Estimating the prevalence of parental alienation is challenging because not all children who are exposed to parental alienating behaviors become alienated (Harman, Bernet, & Harman, 2019). The purpose of the current study was to determine whether the proportion of adults who indicate being alienated from a child will be similar to results from a previous poll of North Carolina adults (Harman, Leder-Elder, & Biringen, 2016) using three nationally representative on-line survey panels from United States and Canada, and to determine the mental health impact of parental alienating behaviors. Results from the first two polls indicate that the prevalence of parents who feel they are being alienated from their children is higher than originally estimated: 35.5% (of 273) in the U.S. and 32% (of 397) in Canada.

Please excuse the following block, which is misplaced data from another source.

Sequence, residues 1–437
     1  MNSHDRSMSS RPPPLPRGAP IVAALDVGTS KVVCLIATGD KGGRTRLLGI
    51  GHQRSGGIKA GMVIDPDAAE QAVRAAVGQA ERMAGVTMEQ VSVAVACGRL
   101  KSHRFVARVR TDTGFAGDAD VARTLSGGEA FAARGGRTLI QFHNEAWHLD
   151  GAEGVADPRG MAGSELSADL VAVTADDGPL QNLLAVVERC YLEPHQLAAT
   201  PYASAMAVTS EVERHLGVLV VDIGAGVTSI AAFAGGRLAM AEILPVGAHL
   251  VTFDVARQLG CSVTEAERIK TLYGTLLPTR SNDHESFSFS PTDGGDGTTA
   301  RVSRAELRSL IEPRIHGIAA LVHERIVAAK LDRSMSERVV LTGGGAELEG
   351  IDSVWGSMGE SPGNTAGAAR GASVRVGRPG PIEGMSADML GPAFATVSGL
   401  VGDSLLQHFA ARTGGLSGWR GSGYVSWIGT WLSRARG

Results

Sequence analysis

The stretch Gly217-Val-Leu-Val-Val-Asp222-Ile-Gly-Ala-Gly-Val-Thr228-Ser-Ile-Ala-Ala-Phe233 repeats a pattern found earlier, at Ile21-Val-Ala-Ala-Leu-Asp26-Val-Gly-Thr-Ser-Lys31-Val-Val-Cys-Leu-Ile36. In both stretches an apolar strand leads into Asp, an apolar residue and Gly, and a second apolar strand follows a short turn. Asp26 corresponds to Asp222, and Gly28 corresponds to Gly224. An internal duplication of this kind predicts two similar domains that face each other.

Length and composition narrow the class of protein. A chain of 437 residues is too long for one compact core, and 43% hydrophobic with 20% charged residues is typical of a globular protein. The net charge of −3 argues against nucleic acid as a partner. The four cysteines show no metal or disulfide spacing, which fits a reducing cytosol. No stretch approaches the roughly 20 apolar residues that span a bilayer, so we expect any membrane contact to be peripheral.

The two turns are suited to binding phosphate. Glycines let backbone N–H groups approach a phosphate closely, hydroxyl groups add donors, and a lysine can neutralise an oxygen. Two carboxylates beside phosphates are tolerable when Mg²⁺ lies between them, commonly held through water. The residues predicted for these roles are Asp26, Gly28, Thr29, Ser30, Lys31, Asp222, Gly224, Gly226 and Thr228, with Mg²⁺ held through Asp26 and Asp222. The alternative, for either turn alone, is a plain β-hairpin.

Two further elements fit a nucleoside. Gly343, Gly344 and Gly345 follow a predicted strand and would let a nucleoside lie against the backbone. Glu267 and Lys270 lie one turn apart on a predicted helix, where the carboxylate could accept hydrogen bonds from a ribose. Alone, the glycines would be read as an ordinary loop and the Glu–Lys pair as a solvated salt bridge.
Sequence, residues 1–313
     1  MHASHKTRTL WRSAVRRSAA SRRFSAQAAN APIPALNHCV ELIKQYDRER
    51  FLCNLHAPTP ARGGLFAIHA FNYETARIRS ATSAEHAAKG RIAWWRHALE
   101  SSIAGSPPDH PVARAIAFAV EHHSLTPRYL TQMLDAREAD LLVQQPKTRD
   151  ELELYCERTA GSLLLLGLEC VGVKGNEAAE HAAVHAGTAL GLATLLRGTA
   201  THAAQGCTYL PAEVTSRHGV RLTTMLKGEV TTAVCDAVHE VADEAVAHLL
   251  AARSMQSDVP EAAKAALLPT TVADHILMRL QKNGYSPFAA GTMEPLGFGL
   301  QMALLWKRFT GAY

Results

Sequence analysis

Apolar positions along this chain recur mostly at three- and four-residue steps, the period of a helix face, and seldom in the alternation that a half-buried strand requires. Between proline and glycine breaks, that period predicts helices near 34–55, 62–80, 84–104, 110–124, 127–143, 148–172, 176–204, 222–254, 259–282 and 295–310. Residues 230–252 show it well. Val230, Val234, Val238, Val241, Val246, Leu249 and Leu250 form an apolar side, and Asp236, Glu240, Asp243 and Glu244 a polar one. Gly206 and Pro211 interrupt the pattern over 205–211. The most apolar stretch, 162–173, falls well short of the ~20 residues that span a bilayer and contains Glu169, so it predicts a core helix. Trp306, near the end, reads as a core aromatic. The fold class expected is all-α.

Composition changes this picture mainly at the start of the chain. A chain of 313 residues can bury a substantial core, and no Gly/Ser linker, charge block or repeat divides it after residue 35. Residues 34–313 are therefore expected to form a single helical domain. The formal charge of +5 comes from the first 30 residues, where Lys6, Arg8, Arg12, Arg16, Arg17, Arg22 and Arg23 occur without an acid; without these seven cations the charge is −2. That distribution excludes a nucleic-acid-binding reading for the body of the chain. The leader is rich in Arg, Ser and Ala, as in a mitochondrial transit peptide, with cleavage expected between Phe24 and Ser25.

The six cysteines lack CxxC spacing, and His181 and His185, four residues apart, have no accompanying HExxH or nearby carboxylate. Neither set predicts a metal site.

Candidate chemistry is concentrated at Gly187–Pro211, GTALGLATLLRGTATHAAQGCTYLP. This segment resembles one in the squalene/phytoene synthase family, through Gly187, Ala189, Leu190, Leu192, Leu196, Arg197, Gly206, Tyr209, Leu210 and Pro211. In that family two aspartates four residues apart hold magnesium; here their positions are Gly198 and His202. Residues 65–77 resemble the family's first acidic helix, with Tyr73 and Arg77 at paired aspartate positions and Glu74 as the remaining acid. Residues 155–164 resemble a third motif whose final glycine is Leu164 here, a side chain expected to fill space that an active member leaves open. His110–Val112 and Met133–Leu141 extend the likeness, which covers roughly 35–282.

Using another means of assessment for the third poll, 39.1% (of 594) of parents in the US are the non-reciprocating targets of parental alienating behaviors, which is over 22 million parents and confirms previous estimates that did not differentiate between reciprocating and non-reciprocating parents (Harman et al., 2016). Of these, 6.7% of the parents had children who were moderately to severely alienated, which is at least 1.3% of the US population. Alienated parents also had high levels of depression, trauma symptoms, and risk for suicide. Ramifications of these findings for researchers and practitioners are discussed.